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Being of Italian descent, it is only natural that I would end up learning and becoming an avid bocce player. I wasn't always interested in bocce. It was only after starting an annual reunion with the Italian side of the family that we began looking for games and activities to make the reunion fun and interesting so that we could attract as many of the aunts, uncles and cousins as possible. Bocce was the answer!
It is an easy game to play and all ages enjoy bocce. At a very recent family gathering one game included players from 5 years old up to 75 years old. On father's day this past year I was in a game with my son and 5 year old grandson - the two against me and the advantage kept shifting back and forth until it came down to the last ball of the game - the last point. Either side could have won - I was feeling pretty certain that I had the final point and game in the bag with two balls closest to the pallino. My grandson had the last throw, so I was all ready to accept their congratulations when he made his final toss. His ball was as fine a shot as he could make and it slipped in right between my two balls and next to the pallino - point advantage to him and my son! I was shocked and proud that I had lost a very close game on a throw by a 5 year old. It made for a very happy fathers day.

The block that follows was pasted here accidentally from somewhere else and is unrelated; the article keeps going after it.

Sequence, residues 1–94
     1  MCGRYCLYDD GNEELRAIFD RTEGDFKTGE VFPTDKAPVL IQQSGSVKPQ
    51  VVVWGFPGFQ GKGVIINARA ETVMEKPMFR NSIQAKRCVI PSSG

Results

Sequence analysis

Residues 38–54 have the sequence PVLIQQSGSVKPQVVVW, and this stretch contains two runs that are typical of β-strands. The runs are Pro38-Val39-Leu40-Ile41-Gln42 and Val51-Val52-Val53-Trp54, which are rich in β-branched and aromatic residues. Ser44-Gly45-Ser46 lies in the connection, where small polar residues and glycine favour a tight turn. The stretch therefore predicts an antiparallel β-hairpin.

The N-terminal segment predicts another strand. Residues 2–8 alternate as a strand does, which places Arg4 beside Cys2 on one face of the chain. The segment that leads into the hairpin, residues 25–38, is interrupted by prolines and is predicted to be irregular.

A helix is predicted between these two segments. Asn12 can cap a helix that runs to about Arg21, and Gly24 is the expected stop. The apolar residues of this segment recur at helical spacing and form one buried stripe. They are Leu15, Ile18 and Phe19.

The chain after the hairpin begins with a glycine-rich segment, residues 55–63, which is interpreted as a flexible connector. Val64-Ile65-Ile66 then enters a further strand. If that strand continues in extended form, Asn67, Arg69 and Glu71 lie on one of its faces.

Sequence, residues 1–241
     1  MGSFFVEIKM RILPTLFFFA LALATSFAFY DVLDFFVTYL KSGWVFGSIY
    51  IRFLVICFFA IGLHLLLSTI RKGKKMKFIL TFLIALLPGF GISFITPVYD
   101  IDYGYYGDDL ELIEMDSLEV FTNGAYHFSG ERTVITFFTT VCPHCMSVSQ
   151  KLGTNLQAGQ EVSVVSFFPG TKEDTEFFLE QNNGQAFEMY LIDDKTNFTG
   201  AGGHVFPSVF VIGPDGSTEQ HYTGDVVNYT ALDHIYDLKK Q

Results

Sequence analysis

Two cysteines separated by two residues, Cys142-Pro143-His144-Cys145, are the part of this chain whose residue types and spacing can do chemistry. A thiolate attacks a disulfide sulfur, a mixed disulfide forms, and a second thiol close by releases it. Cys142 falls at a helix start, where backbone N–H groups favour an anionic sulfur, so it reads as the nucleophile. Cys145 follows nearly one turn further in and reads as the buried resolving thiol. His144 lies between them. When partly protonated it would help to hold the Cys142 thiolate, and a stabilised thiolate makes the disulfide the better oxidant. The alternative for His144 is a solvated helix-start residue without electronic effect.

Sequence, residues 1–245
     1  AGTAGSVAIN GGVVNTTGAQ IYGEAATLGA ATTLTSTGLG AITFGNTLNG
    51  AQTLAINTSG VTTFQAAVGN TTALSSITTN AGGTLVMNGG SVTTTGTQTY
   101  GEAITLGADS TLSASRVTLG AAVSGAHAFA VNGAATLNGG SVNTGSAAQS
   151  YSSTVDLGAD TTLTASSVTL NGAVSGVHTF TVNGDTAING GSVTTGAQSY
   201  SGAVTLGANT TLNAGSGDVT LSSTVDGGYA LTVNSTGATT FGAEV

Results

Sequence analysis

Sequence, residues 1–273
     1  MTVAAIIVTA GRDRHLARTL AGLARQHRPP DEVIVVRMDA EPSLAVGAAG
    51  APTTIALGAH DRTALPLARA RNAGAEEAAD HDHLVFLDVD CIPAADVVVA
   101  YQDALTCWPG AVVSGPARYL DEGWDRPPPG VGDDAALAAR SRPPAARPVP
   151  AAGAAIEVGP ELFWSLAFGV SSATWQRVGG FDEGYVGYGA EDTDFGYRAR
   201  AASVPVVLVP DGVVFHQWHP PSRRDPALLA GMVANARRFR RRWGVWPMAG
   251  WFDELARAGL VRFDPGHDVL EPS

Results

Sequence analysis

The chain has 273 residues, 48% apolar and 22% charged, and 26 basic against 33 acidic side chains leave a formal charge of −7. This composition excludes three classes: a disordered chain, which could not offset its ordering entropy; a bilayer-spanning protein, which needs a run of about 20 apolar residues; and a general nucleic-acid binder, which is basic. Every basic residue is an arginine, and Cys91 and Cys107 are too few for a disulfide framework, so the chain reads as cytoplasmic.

Bocce is a simple game and for casual players no special skill is required. You need a minimum of two players - a set of 8 balls of two different colors and a pallino. The pallino is normally either yellow or white and a smaller ball than the other 8 balls. You also need a court which can be almost any surface. Your options range from the back yard to professional courts. People play on grass, sand, gravel, concrete, clay or what ever is handy. Softer surfaces will allow the balls to dig in and make them roll slower and harder to control. Hard surfaces like concrete or clay makes for a very fast rolling ball and less control. The most common surface is playing on grass in the back yard. You need to mark off boundaries on each end and the sides as well as a center line. Voila - you have a court.
After deciding who goes first, the pallino is tossed onto the court and must pass the center line without touching either the side or end boundary. Accomplishing this - the game has officially started. Then the player who set the pallino tosses or rolls his first ball and tries to get as close to the pallino as possible. Then - depending on your house rules - the game either continues with alternating throws by each player - or continuous throws by the first player and then four consecutive throws by the second player. The game is decided by who's ball is closest to the pallino. If the player with the closest ball also has other balls that are closer than the competitor's balls, they score a point for each ball. Games end at varying number of points - decided in advance - usually anywhere from 11 to 15.
Learn More About Bocce
United States Bocce Federation
Taking it up a notch
In a future article I will describe how I built my own bocce court - complete with photos.